04 February 2009

Book Indices and Bibliographies

Lately, I've been feeding my obsession for alphabetized, categorized information by collecting book indices and bibligraphies I come across on Google Books. Here are three I've found in the last day or so, all from the nineteenth century.

I'd like to learn more about how these were made and used. Clearly, they're cousins to dictionaries or codebooks of the same period, but I'm surprised at how different each layout is. I'm also curious about the motivation behind these types of reference works (or any reference work, for that matter). They're obviously useful to have around -- but let's face it, it's not like writing a novel. It's takes a lot of tedious, detailed work to put one together, and (it seems, at least) they aren't used often or for very long. They have a limited shelf life. Who were these people?

The first two are my favorite. Click on the image to zoom in.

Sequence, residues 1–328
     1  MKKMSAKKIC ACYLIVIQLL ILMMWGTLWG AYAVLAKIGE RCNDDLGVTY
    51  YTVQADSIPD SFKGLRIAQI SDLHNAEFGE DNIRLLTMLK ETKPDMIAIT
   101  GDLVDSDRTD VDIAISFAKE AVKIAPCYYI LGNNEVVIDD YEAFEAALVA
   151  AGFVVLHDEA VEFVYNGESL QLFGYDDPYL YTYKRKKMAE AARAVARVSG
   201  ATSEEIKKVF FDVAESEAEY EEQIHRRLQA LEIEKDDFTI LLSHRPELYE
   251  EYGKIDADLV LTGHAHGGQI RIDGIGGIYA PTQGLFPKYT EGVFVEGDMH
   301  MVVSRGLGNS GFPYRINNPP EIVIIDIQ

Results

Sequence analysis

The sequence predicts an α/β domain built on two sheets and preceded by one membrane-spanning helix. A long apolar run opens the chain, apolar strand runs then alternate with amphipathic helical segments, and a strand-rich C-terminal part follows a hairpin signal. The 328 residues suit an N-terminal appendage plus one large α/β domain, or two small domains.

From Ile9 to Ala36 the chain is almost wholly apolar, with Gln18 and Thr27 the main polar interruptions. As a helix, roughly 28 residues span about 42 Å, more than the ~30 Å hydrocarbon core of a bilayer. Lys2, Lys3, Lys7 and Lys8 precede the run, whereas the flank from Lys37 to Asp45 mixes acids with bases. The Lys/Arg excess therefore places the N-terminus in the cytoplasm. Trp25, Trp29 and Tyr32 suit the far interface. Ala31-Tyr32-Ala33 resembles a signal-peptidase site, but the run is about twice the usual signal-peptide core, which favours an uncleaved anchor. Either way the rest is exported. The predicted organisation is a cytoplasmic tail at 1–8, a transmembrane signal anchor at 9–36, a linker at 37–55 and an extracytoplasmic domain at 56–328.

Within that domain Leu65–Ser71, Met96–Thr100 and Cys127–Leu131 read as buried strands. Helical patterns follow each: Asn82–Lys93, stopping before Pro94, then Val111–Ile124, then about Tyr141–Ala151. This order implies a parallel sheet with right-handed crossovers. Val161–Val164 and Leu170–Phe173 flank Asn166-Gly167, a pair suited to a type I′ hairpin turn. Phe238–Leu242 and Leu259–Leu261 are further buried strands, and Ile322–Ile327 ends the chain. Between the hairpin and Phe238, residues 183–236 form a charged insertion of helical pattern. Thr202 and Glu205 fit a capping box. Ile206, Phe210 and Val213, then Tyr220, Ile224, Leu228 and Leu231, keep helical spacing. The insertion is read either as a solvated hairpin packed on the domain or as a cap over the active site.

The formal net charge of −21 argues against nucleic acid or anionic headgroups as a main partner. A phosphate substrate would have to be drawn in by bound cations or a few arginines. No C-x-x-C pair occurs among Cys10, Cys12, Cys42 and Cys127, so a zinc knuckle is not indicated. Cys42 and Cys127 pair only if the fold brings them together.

[From Bibliography: or Books about books, their making, etc., ... forming part of the reference department of Birmingham Free Library, by John Davis Mullins, Birmingham Public Library, 1884.]


[From Bibliotheca Britannica; Or, A General Index to British and Foreign Literature, by Robert Watt, 1824. Zoom in!]


[From The Annual Literary Index: 1892-1904, by William Isaac Fletcher and Richard Rogers Bowker, 1893.]

3 comments:

John McVey said...

there are bibliographies, lists, and then catalogues of libraries, e.g.,
Subject Index of the Modern Works Added to the Library of the British Museum in the Years 1881-1900
which has been useful to me and I presume to many others, in many ways.

http://books.google.com/books?id=KTAPAAAAIAAJ&pg=PT694&dq=%22telegraphic+code%22+intitle:british+intitle:museum&lr=&as_brr=0&as_pt=ALLTYPES

your selection brings to mind, as well, Melvil Dewey's Classification and Subject Index, several editions of which are available via Google Book.

http://books.google.com/books?id=TSMDAAAAYAAJ&printsec=titlepage&source=gbs_summary_r&cad=0

Compilation of lists such as you present may have been seen as a professional practice, or demonstration of a library's high standards, and would have helped in interlibrary loans (although I don't know the history of ILL).

Whitney said...

True true, many different uses -- each so specific, though! For such a lot of work. I'm very curious about how they would have been compiled, by what processes. Little index cards stuffed in a cabinet, like the OED?

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